I am the wife of a purged police officer who worked with the Special Forces for 16 years. There is a term in Turkey, which describes us, the people whose lives are affected from job suspensions and firings: “KHK’li”. It means “the one with governmental decree”. I am one of many “KHK’li”. I don’t know where to start telling my story, as I am not used to finding listening ears and hearts, who are willing to listen and embrace it. These days, we are completely excluded from the society. The people who know you before, would act like they do not recognize you when they see you in the streets. They would rather pretend they didn’t see you. Even my father wishes he didn’t have a daughter like me.
My husband, Halil Demir, has been a successful member of special police forces. At the day of the attempted coup, he was called for an operation and he did not come home until 3 days after the coup. That was our usual routine at home because of his profession. He would leave for an operation for an unknown amount of time, and I would be the one who is waiting for him and taking care of the kids. This time right after he came home, we learned that he was suspended from his job with a governmental decree. The decree included around 10,000 government officers who were either fired or suspended from their jobs. In one night, thousands of people and their families were labeled and profiled as “unwanted” and unbelievably, “terrorist”. We didn’t know this was just the beginning of a huge witch hunt that would elevate in the following months.
It was so ironic and tragic that just 3 years before the coup attempt, Halil was awarded by the Turkish Ministry of Foreign Affairs, for his outstanding bravery in protecting Turkish consulate in Mogadishu, Somalia. I vividly remember the day, when I heard about the bombing that took place in Mogadishu. My husband was on duty there and I couldn’t hear from him back after the news. All his friends were calling me, and asking if he was OK. The news said there were casualties after the incident. I couldn’t sleep that night. My daughter was only two weeks old and she couldn’t sleep either. I had the biggest relief of my life when I heard his voice on the phone the next day. We were blessed that he came out safe from such a huge disaster. The Turkish police officer, who was right next to him at the operation was not lucky, he died in Halil’s arms. The award document contained -then minister of foreign affairs, Ahmet Davutoglu-’s signature and it was presented to him by government officials at a big event in Marriott Hotel. It is rather ironic. A person, seen as a hero, was successfully smeared as a traitor in three years in the eyes of his country.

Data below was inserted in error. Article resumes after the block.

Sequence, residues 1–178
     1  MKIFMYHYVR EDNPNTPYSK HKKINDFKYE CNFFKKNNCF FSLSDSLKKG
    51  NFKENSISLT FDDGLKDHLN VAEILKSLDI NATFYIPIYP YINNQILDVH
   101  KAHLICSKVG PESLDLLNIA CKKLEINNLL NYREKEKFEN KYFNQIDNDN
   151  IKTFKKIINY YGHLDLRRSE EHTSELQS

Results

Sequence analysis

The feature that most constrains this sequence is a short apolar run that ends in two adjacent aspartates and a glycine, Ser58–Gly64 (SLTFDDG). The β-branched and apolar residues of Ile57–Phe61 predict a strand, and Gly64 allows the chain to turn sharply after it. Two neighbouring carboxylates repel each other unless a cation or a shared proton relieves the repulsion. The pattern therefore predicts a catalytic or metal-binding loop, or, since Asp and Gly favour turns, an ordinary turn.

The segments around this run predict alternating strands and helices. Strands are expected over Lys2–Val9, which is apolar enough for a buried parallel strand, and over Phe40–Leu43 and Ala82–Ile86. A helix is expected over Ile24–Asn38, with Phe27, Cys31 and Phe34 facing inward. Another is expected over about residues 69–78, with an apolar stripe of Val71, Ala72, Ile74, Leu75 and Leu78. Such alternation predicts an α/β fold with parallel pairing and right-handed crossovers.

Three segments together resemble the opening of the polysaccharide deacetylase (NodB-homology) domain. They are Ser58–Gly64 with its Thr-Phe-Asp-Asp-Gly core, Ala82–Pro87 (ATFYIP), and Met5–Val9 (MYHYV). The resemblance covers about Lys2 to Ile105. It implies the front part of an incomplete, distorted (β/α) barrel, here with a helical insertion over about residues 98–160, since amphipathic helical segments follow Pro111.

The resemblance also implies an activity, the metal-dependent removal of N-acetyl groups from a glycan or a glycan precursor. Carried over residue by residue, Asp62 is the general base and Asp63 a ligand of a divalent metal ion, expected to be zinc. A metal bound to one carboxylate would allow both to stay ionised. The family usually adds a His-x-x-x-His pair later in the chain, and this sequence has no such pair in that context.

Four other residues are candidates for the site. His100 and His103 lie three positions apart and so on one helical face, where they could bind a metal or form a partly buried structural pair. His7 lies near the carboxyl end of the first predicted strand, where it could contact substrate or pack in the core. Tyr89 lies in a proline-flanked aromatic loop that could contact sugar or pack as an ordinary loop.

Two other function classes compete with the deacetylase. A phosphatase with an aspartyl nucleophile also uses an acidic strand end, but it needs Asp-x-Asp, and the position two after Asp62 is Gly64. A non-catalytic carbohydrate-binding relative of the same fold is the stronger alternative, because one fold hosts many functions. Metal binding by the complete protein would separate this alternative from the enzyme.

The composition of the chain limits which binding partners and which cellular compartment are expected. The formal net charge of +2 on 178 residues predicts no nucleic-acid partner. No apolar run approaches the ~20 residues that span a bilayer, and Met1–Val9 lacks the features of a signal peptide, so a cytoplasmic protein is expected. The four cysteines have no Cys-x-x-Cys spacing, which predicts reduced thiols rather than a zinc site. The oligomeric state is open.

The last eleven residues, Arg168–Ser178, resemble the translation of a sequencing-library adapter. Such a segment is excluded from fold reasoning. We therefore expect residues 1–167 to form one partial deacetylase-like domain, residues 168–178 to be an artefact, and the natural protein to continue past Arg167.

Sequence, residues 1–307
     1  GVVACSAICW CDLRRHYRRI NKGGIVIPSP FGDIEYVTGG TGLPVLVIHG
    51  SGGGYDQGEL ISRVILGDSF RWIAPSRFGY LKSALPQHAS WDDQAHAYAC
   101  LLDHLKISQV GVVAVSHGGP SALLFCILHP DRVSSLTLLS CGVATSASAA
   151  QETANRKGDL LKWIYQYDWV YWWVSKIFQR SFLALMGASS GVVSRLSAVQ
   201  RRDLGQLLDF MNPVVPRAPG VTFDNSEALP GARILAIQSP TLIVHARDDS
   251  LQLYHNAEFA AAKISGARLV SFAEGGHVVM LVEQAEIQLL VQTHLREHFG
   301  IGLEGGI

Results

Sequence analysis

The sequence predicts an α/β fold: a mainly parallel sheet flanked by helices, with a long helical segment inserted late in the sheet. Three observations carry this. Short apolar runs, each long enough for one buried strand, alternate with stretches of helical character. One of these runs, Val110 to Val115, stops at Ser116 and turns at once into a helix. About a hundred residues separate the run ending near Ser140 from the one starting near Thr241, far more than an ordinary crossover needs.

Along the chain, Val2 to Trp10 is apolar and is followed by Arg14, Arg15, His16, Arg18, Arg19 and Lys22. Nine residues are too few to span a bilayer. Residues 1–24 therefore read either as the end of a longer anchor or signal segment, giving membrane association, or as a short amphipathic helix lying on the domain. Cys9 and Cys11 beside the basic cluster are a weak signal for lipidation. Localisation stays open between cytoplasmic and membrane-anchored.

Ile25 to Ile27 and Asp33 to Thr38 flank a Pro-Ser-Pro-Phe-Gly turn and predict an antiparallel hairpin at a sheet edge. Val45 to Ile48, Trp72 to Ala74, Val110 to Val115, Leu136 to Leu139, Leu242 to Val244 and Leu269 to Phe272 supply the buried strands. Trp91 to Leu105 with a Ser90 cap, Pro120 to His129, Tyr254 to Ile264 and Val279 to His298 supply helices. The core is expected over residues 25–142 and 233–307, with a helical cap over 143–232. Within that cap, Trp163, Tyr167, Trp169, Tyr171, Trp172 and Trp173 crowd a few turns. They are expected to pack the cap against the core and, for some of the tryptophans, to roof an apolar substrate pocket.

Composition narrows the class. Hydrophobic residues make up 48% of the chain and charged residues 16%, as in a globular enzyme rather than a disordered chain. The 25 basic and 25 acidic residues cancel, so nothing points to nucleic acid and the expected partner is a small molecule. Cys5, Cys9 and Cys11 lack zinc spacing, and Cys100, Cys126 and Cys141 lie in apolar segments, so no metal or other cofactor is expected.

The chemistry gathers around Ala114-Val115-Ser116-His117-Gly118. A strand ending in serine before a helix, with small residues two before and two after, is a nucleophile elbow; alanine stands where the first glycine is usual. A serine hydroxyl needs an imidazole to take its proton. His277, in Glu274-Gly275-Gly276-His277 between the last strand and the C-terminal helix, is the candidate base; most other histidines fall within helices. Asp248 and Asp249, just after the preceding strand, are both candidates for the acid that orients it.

We were living at an apartment complex that was designated for police officers in Corum, a small province in central Turkey. Since my husband was dismissed, we had to move out of the apartment. The police came to investigate the house when we were packing our stuff. They didn’t show any search warrant, but they were police officers and police meant “trust” for us. So, we welcomed them. I served Turkish ravioli and snacks, as we see anyone coming to our house as guests, even if it was police officers who came to detain a family member. They searched the house, and took my husband with them under detention. Yes, my husband left again. I was used to his departures, but this time it was different. I just sat in the middle of the house, which was a mess with all the packing and moving out. I asked myself “What is happening to our lives?”.
I think the children of “KHK’li” are very special, almost supernatural. They are much more resilient and strong than any other kid you would imagine. My 18-year-old son came to the rescue, and we made a plan to pack our remaining things in the house and loaded them in a truck. We started our next adventure to our hometown, Iskenderun. We moved to the basement in my in-law’s house, where my husband’s parents and siblings lived. Our unit doesn’t have any windows, so we do not really see the sun. But my children and I were thankful at least to have a place to live in unlike many who lost their loved ones through arrests as well as their only source of incomes.